Half of the World’s Annual Rain Falls in Just 12 Days, Study Finds

The findings, which suggest that flooding and the damage associated with it could also increase, have implications for water managers, urban planners, and emergency responders.   (Image: via   pixabay  /  CC0 1.0)
The findings, which suggest that flooding and the damage associated with it could also increase, have implications for water managers, urban planners, and emergency responders. (Image: via pixabay / CC0 1.0)

Currently, half of the world’s measured precipitation that falls in a year falls in just 12 days, according to a new analysis of data collected at weather stations across the globe. By century’s end, climate models project that this lopsided distribution of rain and snow is likely to become even more skewed, with half of annual precipitation falling in 11 days.

These results are published in Geophysical Research Letters, a journal of the American Geophysical Union. Previous studies have shown that we can expect both an increase in extreme weather events and a smaller increase in average annual precipitation in the future as the climate warms, but researchers are still exploring the relationship between those two trends.

Angeline Pendergrass, a scientist at the National Center for Atmospheric Research (NCAR) and the lead author of the new study, said:

The findings, which suggest that flooding and the damage associated with it could also increase, have implications for water managers, urban planners, and emergency responders. The research results are also a concern for agriculture, which is more productive when rainfall is spread more evenly over the growing season.

The research was supported by the U.S. Department of Energy and the National Science Foundation, which is NCAR’s sponsor.

What it means to be extreme

Scientists who study extreme precipitation — and how such events may change in the future — have used a variety of metrics to define what qualifies as “extreme.” Pendergrass noticed that in some cases, the definitions were so broad that extreme precipitation events actually included the bulk of all precipitation.

In those instances, “extreme precipitation” and “average precipitation” became essentially the same thing, making it difficult for scientists to understand from existing studies how the two would change independently as the climate warms.

An analysis of rainfall measured at weather stations across the globe between 1999 and 2014 found that the median time it took for half of a year's precipitation to fall was just 12 days. A quarter of annual precipitation fell in just six days, and three-quarters fell in 27 days. (Credit: ©UCAR. Simmi Sinha)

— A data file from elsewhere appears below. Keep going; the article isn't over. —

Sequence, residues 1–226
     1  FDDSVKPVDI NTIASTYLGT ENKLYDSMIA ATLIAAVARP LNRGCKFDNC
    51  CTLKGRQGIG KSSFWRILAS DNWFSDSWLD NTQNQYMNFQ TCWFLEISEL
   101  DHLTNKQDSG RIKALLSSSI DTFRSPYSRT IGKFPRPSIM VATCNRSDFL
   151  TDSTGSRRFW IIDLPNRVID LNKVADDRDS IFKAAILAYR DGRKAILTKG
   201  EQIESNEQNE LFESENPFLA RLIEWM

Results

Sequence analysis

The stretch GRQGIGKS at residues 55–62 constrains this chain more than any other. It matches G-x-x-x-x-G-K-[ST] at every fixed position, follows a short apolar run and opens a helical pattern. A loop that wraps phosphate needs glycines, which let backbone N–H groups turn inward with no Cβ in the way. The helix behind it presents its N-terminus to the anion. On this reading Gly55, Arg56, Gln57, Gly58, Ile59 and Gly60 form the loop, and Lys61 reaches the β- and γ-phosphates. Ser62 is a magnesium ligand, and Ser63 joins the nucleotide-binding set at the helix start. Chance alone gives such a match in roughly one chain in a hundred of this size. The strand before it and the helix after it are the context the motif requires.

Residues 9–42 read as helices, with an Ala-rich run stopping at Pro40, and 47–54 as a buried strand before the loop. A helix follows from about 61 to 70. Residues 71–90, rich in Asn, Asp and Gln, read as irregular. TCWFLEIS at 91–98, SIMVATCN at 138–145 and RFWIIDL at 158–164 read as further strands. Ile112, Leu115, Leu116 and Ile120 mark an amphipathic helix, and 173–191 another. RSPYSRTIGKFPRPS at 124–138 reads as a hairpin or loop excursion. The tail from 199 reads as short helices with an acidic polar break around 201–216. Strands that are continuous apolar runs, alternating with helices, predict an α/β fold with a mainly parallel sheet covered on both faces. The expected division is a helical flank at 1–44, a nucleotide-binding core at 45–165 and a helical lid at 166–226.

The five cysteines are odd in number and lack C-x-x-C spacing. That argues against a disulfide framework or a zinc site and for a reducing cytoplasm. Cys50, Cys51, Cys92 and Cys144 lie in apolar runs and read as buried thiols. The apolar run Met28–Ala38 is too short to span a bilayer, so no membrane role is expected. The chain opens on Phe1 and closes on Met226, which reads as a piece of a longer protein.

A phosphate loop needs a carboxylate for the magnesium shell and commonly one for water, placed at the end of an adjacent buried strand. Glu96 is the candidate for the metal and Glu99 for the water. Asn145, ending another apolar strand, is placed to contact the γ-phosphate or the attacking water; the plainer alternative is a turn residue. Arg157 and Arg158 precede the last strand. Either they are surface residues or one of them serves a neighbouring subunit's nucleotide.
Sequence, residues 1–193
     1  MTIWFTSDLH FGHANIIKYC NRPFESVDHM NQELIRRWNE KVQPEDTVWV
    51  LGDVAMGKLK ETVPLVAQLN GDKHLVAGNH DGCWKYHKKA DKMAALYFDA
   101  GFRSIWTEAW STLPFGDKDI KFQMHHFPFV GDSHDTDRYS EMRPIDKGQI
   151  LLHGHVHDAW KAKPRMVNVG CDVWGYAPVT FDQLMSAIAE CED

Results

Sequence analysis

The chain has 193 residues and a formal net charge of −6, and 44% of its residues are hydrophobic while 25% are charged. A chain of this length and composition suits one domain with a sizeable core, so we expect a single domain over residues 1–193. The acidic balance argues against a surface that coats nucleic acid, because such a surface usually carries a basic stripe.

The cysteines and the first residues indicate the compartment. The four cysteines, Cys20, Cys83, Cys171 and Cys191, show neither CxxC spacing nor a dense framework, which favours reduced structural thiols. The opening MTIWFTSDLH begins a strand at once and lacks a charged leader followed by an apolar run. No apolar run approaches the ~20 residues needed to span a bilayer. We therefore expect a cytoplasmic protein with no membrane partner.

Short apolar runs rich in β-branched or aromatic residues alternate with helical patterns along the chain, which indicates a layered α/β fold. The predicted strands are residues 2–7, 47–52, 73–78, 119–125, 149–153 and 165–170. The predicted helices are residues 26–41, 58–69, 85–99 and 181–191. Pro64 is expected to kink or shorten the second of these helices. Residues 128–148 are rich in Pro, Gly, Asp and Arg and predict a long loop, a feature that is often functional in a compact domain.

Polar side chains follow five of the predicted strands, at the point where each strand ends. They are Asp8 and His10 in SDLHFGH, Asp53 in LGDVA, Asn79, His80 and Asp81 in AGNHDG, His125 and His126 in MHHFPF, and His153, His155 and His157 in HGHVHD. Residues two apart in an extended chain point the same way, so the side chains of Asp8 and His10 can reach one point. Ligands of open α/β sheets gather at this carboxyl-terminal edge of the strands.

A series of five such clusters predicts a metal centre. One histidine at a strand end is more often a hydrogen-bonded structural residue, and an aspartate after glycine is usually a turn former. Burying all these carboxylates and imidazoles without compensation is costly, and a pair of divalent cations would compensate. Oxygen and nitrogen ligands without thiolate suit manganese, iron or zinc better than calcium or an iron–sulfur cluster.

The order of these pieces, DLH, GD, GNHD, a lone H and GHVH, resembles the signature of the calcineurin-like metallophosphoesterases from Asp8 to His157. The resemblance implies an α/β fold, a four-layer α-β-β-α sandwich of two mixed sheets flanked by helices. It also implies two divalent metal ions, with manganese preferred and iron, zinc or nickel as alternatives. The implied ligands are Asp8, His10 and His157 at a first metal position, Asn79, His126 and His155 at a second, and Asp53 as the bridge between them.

An analysis of rainfall measured at weather stations across the globe between 1999 and 2014 found that the median time it took for half of a year’s precipitation to fall was just 12 days. A quarter of annual precipitation fell in just six days, and three-quarters fell in 27 days. (Image: ©UCAR. Simmi Sinha)

Other research teams have also been grappling with this problem. For example, a recent paper tried to quantify the unevenness of precipitation by adapting the Gini coefficient, a statistical tool often used to quantify income inequality, to instead look at the distribution of rainfall.

Pendergrass wanted to find something even simpler and more intuitive that could be easily understood by both the public and other scientists. In the end, she chose to quantify the number of days it would take for half of a year’s precipitation to fall. The results surprised her, she explained that:

For the analysis, Pendergrass worked with Reto Knutti of the Institute for Atmospheric and Climate Science in Zurich, Switzerland. They used data from 185 ground stations for the 16 years from 1999 through 2014, a period when measurements could be validated against data from the Tropical Rainfall Measuring Mission (TRMM) satellite. While the stations were dispersed globally, the majority were in North America, Eurasia, and Australia.

To look forward, the scientists used simulations from 36 of the world’s leading climate models that had data for daily precipitation. Then they pinpointed what the climate model projections for the last 16 years of this century would translate to for the individual observation stations.

They found that total annual precipitation at the observation stations increased slightly in the model runs, but the additional precipitation did not fall evenly. Instead, half of the extra rain and snow fell over just six days.

This contributed to total precipitation also falling more unevenly than it does today, with half of a year’s total precipitation falling in just 11 days by 2100, compared to 12 in the current climate, Pendergrass said:

Provided by: Laura Snider, National Center for Atmospheric Research [Note: Materials may be edited for content and length.]

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